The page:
Invasive, non-native grasses overwhelm Kentucky's forests

RED RIVER GORGE, Ky. — Miscanthus sinensis is one of the worst offenders.

It takes advantage of our nourishing climate, and repays the kindness by smothering the locals.

The ornamental grass, which also goes by the alias Chinese silverplume, was planted at Natural Bridge State Resort Park in the 1930s, but it soon escaped and now is at large in the state.

It was one of the priority targets listed by the Forest Service last week when the agency asked for input on a proposed war on weeds in the Daniel Boone National Forest.

The 700,000-acre forest "is facing an ecological crisis," as native species are crowded out by the foreigners, the agency said.

The Forest Service plan calls for treating as many as 1,400 acres a year by various means, but actual numbers will depend on how much money is appropriated each year for the work. The proposal contains no cost estimates.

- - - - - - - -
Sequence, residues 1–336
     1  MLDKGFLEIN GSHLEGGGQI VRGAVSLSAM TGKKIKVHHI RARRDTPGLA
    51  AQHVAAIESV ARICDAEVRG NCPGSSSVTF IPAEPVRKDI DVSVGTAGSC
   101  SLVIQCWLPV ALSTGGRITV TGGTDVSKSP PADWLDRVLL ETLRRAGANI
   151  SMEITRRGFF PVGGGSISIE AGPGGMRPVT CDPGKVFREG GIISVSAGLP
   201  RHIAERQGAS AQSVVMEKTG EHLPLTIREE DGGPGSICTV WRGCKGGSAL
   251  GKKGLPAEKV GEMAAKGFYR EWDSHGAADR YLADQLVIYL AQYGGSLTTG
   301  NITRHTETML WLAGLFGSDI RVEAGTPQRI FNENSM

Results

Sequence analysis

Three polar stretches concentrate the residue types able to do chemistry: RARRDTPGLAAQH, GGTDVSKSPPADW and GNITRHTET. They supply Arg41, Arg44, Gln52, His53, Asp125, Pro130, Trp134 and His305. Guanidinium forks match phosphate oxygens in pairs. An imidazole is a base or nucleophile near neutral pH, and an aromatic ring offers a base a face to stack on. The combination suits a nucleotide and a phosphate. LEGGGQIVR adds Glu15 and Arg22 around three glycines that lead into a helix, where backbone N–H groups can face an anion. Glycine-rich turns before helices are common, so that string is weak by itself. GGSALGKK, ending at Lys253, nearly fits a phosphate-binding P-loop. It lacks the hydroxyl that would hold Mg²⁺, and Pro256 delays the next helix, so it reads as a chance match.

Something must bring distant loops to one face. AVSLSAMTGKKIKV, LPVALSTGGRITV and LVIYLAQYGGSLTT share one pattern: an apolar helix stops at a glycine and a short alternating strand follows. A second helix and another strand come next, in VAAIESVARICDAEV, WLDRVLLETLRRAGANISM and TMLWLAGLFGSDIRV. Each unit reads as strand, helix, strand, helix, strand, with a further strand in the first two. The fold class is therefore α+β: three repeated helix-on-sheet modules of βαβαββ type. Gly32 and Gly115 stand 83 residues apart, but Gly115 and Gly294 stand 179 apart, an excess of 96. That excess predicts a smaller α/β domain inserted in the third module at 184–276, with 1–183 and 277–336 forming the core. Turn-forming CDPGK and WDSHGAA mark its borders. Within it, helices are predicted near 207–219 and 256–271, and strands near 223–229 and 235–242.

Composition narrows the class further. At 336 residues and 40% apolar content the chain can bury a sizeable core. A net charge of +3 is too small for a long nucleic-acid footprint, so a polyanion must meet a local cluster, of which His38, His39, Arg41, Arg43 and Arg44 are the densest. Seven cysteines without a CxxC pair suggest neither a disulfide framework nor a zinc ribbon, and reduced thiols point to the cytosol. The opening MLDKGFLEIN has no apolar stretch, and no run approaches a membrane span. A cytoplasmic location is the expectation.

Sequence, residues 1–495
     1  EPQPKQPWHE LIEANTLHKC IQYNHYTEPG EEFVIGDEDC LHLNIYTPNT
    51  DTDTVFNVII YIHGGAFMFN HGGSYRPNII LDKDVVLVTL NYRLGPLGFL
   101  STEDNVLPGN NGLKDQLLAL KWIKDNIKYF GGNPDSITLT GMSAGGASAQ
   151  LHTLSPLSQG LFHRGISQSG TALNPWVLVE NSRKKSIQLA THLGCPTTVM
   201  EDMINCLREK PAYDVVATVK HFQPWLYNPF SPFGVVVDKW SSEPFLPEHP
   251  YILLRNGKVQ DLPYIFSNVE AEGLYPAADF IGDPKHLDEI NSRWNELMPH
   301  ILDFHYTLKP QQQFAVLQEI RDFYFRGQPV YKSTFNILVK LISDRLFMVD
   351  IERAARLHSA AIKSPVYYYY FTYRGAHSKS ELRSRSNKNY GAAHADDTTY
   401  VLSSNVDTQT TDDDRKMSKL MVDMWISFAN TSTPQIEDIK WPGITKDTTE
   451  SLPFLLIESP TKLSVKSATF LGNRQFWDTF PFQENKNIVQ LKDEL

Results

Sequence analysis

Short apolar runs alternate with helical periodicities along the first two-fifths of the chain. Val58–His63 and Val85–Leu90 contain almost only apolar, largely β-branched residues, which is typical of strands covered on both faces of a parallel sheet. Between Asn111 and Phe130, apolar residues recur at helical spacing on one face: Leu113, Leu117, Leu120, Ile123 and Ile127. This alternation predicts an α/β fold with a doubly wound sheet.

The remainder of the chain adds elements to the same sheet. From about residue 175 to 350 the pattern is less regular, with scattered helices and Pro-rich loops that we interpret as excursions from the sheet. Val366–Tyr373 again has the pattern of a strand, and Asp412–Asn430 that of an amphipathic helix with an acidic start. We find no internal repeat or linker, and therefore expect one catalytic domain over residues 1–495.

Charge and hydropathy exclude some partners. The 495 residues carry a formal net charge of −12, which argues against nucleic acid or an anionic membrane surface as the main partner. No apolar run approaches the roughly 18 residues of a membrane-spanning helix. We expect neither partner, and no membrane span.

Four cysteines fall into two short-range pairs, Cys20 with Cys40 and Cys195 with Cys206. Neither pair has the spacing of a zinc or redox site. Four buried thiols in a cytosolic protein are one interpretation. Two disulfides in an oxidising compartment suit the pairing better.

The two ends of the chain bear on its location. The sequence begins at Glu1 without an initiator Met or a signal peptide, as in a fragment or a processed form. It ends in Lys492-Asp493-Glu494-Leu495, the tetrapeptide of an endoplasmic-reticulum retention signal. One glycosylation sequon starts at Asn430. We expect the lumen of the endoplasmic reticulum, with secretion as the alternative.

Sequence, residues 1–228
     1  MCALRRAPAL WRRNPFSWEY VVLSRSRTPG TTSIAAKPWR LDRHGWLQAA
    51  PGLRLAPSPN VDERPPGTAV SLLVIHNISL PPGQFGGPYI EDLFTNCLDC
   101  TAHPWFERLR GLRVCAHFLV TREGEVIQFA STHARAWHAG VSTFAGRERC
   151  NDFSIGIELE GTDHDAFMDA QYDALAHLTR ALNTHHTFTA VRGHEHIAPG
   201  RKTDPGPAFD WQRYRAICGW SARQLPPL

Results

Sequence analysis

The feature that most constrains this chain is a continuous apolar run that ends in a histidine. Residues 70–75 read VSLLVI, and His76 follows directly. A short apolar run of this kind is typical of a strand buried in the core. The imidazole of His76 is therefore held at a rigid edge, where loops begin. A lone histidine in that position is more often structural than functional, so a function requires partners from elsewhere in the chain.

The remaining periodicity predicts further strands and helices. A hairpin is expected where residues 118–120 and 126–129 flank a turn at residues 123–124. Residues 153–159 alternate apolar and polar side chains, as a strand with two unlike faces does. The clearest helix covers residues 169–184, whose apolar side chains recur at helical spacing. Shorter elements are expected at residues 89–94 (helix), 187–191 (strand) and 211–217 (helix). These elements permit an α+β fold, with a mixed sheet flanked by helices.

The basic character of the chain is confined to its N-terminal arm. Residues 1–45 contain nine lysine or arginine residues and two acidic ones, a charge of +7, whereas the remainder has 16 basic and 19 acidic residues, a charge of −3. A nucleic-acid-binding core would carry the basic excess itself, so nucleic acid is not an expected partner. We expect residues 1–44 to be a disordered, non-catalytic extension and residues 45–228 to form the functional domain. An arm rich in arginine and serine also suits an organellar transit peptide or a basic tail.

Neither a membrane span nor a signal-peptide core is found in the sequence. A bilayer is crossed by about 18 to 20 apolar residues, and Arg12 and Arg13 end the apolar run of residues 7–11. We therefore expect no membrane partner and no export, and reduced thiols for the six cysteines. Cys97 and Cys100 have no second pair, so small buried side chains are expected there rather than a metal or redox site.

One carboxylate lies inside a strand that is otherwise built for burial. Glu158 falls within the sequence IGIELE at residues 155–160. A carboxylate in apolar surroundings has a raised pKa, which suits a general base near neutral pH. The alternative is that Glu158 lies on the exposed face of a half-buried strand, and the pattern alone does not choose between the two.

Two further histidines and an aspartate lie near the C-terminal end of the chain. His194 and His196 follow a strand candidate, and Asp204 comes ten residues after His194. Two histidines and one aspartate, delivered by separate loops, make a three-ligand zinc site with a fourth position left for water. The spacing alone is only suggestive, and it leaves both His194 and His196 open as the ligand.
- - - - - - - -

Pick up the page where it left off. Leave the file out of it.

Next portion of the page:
There have been efforts to combat invasive exotic plants in Lexington parks, at the Arboretum on Alumni Drive and in state parks and nature preserves. But the effort at Daniel Boone, which covers portions of 21 counties, has the potential to be the largest attempt so far to take back acreage for native species or at least stop the spread of exotics.

"Every acre lost to these invaders is a loss not only to our native plant species' diversity, but also displaces wildlife food sources and habitats," the Forest Service said.

More than 70 species are causing problems, the Forest Service said. Most of the offending weeds came here from Asia or Europe. They spread rapidly because they left behind whatever diseases or insects kept them in check back home.

The best-known invasive is kudzu. It can be found in the Boone, but it's not among the worst invaders.

The agency proposes to get rid of weeds by pulling, mowing, burning or spraying them with herbicides.

It issued a report asking for comments from the public. If the proposal is approved, work could begin next June.